In my Bible class the other day, my friend Julia said something so profound based on our chevrutah study of Leviticus. She was talking about the line, "Love your neighbor as yourself" and mentioned that in order to love your neighbor, you must also love yourself.
The concept sounds simple, I know, but it really struck me and I've been thinking about it all week long.
How many of us love ourselves the way we love our neighbors? Maybe in Biblical times, it was easy to love yourself, as there were no shiny magazines, no billboards, no TV ads showing what the perfect person is supposed to look like. We, however, live in a society that lives and breathes appearances and, whether we like it or not, we constantly compare ourselves to the models on the pages and the seemingly perfect people who dwell among us.
For the first time in a long time, I stood naked in front of my full length mirror yesterday. I stared at my body for a long time, trying to find one thing from the neck down that I could be proud of. I started at my feet, my long, wide feet that make it impossible to find cute shoes. I worked my way up to my calves, my "Fishbein" calves that are muscular and strong, however unfeminine they may be. My thighs have always been a source of terror to me, as has my stomach and my "inner tube" the roll of fat above my stomach created from wearing too many pairs of jeans that I had to squeeze into for so many years. My breasts that are saggy and unsexy from gaining and losing so much weight over the years (they're the one thing I would have surgically redone had I the money, time, or guts...as opposed as I may be to plastic surgery, I'd be willing to bend for some new boobs...and I am 110% serious about that.) My hands, masculine and rough but strong and durable, and my pretty forearms connected to wobbly upper-arms that won't go away no matter how many push-ups I do. My shoulders, stretch marked and freckled from too much sun in Tel Aviv last year.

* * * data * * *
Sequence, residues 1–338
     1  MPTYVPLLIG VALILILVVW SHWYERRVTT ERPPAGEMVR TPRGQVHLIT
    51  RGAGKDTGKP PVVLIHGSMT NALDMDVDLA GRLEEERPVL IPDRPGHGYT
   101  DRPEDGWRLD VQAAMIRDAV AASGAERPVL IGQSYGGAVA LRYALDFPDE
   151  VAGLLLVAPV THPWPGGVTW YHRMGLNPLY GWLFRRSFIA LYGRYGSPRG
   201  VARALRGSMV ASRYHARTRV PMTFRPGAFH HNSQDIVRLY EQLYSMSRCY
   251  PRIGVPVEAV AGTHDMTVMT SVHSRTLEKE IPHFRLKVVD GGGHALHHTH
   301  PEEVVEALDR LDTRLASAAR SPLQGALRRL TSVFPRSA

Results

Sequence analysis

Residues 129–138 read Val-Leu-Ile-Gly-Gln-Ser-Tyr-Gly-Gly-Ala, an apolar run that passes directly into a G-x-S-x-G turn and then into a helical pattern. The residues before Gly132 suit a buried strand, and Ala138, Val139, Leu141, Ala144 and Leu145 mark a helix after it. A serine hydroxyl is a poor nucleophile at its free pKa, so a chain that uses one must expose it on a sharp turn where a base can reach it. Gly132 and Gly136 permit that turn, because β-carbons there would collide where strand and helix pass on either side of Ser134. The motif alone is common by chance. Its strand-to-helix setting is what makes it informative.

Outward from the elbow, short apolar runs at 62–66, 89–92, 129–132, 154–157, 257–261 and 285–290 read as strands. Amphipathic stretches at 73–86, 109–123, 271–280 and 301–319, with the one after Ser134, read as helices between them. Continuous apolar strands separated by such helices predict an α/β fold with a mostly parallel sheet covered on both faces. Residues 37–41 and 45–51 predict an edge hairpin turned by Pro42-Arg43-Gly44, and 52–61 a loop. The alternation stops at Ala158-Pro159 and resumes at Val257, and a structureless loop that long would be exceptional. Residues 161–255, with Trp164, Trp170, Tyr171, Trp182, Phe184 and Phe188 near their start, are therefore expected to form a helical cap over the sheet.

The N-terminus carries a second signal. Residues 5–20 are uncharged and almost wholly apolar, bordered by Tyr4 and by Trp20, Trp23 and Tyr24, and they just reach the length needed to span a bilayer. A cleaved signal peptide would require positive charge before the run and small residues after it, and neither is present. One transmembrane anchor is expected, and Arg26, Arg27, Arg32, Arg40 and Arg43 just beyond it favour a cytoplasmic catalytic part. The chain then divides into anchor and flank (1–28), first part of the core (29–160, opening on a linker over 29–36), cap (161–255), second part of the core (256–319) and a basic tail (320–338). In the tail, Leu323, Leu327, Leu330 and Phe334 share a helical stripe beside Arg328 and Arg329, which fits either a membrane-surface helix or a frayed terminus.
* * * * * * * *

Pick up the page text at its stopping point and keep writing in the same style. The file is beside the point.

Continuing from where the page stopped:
From the neck up, I'm kind of a babe.
But how can I look at the rest of my body and see only uglyness?
How can I expect someone else to love my body if I don't love the appearance of my own body? How can I look at someone else and see only beauty if I can't see only beauty in myself?
How can I expect a man to be attracted to me, with clothes or without clothes, if I'm not attracted to myself?
I know that on the inside, my body is a beautiful miracle of creation. I am lucky that all of my insides work exactly as they should to support me and sustain my journey. I am also lucky to realize the gifts my body provides for me everyday; the gift of singing, of walking and talking, breathing, digesting food, laughing, etc.
But will I ever be able to see my outsides as anything but mounds of wrinkled flesh and stretch marks?
Will I ever get to a point where I can look at my body on the outside and simply appreciate the scrapbook of memories those wrinkles and stretch marks provide?
And will someone else be able to see and appreciate my body's journey before I am able to?
Is dating pointless if I'm not able to love myself enough?
Is it possible to be able to love your neighbor as yourself if you look at yourself and aren't in love?
In this day in age, at least for some of us, is it maybe more correct for God to command us to 'Love Yourself As Your Neighbor'?